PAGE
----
Co-ordination and Spontaneity in Non-Hierarchical Business Organizations
New Thinking in Political Economy series
Chapter 4: Spontaneous Order in Decentralized Firms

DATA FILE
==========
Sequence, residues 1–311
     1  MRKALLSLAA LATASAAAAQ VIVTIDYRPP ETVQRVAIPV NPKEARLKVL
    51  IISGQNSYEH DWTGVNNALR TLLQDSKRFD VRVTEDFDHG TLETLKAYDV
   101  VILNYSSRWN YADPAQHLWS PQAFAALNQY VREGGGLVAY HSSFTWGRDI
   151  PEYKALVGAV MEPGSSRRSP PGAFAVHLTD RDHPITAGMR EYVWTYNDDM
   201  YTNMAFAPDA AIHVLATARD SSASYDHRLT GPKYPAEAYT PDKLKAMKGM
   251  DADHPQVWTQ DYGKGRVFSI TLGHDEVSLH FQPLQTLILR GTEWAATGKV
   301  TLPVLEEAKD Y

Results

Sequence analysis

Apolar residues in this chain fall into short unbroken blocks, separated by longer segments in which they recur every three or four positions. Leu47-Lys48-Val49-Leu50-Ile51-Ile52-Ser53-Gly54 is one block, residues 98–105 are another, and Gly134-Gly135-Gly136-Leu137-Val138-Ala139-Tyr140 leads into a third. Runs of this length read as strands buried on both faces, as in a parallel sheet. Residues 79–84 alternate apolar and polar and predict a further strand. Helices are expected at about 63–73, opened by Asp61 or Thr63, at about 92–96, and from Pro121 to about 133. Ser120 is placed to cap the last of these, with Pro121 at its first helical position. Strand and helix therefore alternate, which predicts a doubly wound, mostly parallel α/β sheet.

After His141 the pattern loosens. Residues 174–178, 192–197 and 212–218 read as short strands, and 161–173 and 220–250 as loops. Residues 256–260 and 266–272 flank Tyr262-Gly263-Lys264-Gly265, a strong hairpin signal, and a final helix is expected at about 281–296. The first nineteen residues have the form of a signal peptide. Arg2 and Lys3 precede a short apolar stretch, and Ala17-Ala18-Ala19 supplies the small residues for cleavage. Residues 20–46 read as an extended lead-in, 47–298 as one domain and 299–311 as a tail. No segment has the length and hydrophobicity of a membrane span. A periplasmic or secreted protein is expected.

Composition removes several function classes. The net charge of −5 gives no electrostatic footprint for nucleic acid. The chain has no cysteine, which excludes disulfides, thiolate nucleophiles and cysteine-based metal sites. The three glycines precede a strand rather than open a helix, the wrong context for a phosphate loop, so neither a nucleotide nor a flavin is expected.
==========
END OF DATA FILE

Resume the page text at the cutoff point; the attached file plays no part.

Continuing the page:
4. Spontaneous order in decentralized ﬁrms When business proﬁts leap ahead, the entrepreneur will eventually even be ready to go beyond the yield attributable to labor and to let the workers share to some extent in the entrepreneurial proﬁts, adding such share to their wages. A remarkable fact! It may be viewed as a symptom of the fact that between employers and employees, much as they may be at odds with one another, there yet exists fundamentally a farreaching community of interests. In today’s combative mood the existence of this community is not publicly admitted, but it nevertheless is at work, if tacitly. The whole circle of people engaged by the enterprise, from the top managers to the lowliest workers, is bound together by their common stake in the success of the business, and in the struggle with the customers and competitors it feels as a unit as a companionship of fate. (Wieser 1926, p. 354)1 The most important hitherto unexplained aspect of decentralization within ﬁrms is how the actions of multitudes of employees can ever be co-ordinated in the absence of a conscious, explicit command-and-control system. There are several questions to be answered in regard to this point: Can an intra-ﬁrm decentralization actually be an example of spontaneous order? What is the mechanism by which this order comes about? Is it possible to achieve spontaneous order if people are always acting in opportunistic ways? Even if people are willing to be cooperative, moral, fair, and...
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